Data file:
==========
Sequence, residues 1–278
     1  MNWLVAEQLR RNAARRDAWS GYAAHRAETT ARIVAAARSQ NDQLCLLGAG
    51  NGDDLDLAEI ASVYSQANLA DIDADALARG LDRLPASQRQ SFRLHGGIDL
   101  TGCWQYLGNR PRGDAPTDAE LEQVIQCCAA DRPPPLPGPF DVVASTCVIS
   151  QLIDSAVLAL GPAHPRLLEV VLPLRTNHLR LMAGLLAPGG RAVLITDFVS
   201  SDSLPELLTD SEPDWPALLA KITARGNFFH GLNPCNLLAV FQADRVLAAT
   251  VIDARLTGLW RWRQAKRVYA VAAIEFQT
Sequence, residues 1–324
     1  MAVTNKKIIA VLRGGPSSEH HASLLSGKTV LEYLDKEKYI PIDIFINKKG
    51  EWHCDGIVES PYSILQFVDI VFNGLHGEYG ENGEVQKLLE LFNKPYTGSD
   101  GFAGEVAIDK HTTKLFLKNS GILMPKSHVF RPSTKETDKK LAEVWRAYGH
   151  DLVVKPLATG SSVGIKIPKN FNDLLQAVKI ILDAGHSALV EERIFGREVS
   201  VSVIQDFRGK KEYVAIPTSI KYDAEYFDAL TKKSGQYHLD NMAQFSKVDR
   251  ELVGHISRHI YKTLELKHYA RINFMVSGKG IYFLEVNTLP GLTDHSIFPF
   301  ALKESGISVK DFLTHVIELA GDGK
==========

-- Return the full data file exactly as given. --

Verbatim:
Sequence, residues 1–278
     1  MNWLVAEQLR RNAARRDAWS GYAAHRAETT ARIVAAARSQ NDQLCLLGAG
    51  NGDDLDLAEI ASVYSQANLA DIDADALARG LDRLPASQRQ SFRLHGGIDL
   101  TGCWQYLGNR PRGDAPTDAE LEQVIQCCAA DRPPPLPGPF DVVASTCVIS
   151  QLIDSAVLAL GPAHPRLLEV VLPLRTNHLR LMAGLLAPGG RAVLITDFVS
   201  SDSLPELLTD SEPDWPALLA KITARGNFFH GLNPCNLLAV FQADRVLAAT
   251  VIDARLTGLW RWRQAKRVYA VAAIEFQT
Sequence, residues 1–324
     1  MAVTNKKIIA VLRGGPSSEH HASLLSGKTV LEYLDKEKYI PIDIFINKKG
    51  EWHCDGIVES PYSILQFVDI VFNGLHGEYG ENGEVQKLLE LFNKPYTGSD
   101  GFAGEVAIDK HTTKLFLKNS GILMPKSHVF RPSTKETDKK LAEVWRAYGH
   151  DLVVKPLATG SSVGIKIPKN FNDLLQAVKI ILDAGHSALV EERIFGREVS
   201  VSVIQDFRGK KEYVAIPTSI KYDAEYFDAL TKKSGQYHLD NMAQFSKVDR
   251  ELVGHISRHI YKTLELKHYA RINFMVSGKG IYFLEVNTLP GLTDHSIFPF
   301  ALKESGISVK DFLTHVIELA GDGK